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ASCO 2016

Understanding and Mitigating the Financial Burden of Cancer Patients

Surabhi Dangi-Garimella, PhD
Drug costs are a significant contributor to rising healthcare costs, along with the cost of healthcare services. How can providers and patients work together to find a solution to this problem?
Healthcare is getting expensive by the day, and there’s growing awareness among patients as well as providers of the unsustainable nature of this growth. Drug costs are a significant contributor, and have developed into the fastest growing segment of healthcare costs—however, the cost of healthcare services is also a burden on the patient’s wallet. So what can providers do? What can patients do? An Education Session on the second day of the annual meeting of the American Society of Clinical Oncology, being held in Chicago, June 3-7, 2016, delved into these problems, their impact on patient behavior and clinical outcomes, and suggested potential solutions.   

The session was chaired by Veena Shankaran, MD, MS, a health policy researcher at the University of Washington. She was joined by Dawn L. Hershman, MD, MS, who heads the Breast Cancer Program at Columbia University Medical Center, and Yousuf Zafar, MD, MHS, a health policy researcher at Duke University Medical Center.

Shankaran, who authored an article on financial toxicity in Evidence-Based Oncology last year, spoke about Risk Factors and Clinical Implications of Financial Toxicity.

“Cancer drug spend, as well as cancer care spending surpasses overall healthcare spending, and simultaneously, annual insurance costs are rising at a steady pace,” Shankaran said. She showed data that the combination of premiums and out-of-pocket (OOP) costs rose from about $3000 in 2008, to more than $5000 in 2015. Patients are facing higher copays and coinsurance, while access to treatment has barriers, defined by restrictive prescription plans and 4-tier drug formularies. “This is particularly important in oncology where there’s been a sharp rise in the approved of oral anticancer agents.” Shankaran shared data that showed the total annual spending per user is significantly higher in cancer ($80,466) over non-cancer ($21,048) treatments, and the average annual beneficiary cost share for cancer patients is about $6000 greater.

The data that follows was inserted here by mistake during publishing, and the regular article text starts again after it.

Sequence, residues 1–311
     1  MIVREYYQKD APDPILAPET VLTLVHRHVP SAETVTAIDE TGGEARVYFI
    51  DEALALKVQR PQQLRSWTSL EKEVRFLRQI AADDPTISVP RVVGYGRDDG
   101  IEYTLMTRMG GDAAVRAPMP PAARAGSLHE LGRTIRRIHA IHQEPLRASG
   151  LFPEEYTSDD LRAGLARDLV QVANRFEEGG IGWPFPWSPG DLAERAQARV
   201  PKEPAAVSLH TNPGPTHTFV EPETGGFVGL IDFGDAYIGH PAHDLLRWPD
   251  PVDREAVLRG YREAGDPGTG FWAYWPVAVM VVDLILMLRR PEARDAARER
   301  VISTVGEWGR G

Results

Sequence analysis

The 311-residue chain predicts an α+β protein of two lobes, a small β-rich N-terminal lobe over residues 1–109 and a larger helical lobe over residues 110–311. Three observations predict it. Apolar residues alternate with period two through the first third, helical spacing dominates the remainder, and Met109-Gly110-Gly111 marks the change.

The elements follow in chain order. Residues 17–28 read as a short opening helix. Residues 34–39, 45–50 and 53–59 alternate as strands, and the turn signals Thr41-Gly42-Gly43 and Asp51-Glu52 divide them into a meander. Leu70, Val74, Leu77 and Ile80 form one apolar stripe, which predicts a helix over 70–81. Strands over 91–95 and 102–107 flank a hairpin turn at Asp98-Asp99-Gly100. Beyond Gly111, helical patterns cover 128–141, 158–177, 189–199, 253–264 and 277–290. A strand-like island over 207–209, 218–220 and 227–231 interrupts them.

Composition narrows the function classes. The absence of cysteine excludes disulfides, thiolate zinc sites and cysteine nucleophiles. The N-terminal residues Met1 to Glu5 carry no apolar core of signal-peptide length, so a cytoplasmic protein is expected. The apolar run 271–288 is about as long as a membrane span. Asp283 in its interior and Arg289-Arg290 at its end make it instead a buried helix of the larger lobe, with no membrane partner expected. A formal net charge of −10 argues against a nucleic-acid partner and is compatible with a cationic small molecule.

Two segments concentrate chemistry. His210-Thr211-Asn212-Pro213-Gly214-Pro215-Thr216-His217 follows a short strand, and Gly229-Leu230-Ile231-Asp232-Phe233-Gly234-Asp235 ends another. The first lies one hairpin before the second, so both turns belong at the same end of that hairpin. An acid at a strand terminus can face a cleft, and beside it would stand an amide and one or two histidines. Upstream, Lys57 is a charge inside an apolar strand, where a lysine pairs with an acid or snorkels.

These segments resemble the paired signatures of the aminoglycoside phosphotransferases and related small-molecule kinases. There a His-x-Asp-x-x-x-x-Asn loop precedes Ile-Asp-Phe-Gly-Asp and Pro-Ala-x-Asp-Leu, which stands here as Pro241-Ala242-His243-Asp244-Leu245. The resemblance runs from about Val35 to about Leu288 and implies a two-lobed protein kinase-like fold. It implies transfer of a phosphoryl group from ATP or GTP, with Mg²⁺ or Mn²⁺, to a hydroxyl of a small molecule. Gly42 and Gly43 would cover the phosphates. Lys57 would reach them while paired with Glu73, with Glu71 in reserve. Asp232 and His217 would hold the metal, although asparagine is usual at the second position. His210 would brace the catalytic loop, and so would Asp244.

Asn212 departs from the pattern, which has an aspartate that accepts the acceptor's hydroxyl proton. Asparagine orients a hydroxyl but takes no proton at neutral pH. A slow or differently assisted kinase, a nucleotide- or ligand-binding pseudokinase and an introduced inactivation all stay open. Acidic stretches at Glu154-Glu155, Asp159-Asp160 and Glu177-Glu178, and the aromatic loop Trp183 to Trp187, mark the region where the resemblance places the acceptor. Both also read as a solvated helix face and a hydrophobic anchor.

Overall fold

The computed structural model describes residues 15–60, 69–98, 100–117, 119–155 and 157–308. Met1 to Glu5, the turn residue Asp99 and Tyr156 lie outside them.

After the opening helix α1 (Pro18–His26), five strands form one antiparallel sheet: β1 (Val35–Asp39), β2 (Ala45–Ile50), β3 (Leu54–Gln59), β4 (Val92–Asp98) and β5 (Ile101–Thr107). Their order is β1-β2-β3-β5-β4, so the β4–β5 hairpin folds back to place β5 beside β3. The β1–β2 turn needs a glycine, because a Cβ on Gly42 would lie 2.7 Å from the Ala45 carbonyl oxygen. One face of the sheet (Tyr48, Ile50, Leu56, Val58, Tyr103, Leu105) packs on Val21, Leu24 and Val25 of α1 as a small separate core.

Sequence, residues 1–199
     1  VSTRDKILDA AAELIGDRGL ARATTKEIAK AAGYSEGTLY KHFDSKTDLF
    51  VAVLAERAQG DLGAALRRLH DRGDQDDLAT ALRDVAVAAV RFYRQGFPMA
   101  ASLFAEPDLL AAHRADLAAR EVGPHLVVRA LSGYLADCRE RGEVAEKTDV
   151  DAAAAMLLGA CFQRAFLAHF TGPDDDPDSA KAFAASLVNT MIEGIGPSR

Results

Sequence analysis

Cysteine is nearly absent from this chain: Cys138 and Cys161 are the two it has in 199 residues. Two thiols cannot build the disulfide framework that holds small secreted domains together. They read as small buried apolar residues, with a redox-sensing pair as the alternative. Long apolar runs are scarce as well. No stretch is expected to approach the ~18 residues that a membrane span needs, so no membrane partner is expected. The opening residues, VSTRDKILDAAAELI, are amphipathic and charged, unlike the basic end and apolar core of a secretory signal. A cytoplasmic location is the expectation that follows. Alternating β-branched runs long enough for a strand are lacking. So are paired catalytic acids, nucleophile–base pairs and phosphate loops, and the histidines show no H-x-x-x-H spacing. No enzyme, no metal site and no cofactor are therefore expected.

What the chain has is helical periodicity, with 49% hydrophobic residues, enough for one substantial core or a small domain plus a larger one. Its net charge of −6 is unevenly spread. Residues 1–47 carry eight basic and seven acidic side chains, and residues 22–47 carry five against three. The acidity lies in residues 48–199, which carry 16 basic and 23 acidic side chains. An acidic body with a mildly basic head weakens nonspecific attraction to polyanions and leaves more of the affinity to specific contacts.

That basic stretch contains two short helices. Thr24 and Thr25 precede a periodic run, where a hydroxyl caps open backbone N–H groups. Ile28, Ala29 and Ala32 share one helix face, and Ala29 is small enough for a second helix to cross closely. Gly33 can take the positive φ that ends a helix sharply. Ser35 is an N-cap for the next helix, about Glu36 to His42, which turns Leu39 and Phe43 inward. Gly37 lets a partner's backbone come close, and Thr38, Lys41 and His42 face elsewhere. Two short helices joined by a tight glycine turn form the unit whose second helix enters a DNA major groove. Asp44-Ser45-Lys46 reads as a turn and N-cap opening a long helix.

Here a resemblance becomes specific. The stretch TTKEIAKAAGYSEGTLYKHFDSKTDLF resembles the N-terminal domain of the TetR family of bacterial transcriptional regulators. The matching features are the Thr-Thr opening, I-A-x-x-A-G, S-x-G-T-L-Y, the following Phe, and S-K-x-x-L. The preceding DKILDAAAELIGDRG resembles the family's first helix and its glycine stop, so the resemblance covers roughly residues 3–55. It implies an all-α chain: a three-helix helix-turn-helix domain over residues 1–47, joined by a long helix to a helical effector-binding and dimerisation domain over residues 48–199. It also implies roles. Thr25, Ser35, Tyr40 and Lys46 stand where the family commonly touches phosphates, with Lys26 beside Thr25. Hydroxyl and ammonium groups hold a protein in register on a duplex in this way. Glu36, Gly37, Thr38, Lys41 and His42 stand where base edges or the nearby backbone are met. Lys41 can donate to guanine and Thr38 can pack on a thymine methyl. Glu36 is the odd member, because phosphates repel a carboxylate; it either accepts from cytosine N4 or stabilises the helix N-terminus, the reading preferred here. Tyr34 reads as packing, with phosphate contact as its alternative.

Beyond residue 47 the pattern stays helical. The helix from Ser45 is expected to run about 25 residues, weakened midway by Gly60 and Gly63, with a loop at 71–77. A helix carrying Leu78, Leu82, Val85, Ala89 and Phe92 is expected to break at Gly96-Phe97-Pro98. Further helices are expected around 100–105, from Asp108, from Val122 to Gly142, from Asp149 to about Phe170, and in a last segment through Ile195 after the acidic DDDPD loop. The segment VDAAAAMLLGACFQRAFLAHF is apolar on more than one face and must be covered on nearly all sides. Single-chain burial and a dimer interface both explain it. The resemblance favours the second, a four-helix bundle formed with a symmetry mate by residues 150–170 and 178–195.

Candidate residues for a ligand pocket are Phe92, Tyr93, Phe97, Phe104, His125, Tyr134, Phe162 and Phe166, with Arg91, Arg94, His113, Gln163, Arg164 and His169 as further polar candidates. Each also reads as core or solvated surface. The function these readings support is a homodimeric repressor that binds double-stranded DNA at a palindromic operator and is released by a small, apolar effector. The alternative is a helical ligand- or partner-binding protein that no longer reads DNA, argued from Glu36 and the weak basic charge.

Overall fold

When comparing the out-of-pocket spending for cancer patients, a study by the LIVESTRONG foundation found that across a variety of insurance plans, a greater percentage of cancer patients spent more on their medical expenses compared with patients with other chronic conditions.1

“Financial toxicity is a constellation of symptoms. Patients face difficulty meeting household expenses, they face financial stress/strain, loss of employment and income, debt, and bankruptcy.” This can also take a psychological toll on the patient and impact their quality of life.

It’s important to consider what factors predispose cancer patients to financial toxicity. Research by her own group at Fred Hutch has identified several such risk factors:
  • Younger age
  • Lower income
  • Non-white
  • Advanced/aggressive cancers
  • Comorbidities
  • Lack of supplemental insurance.
She stressed that younger age seems to be the most significant risk factor!! And what this could ultimately lead to are the impact on clinical outcomes, resulting from issues with adherence, access, and trial participation, finally resulting in reduced survival.

According to Shankaran, we need a multifaceted solution to this problem, and lowering drug prices alone cannot mend the damage. A combination of short- and long-term interventions that include policy makers, to patients, to providers, and payers are necessary. These would include addressing:
  • Sustainable drug pricing
  • Cost transparency
  • Communication on costs
  • Financial counseling/navigation
  • Medical debt reform
  • Changes within the Affordable Care Act.


 
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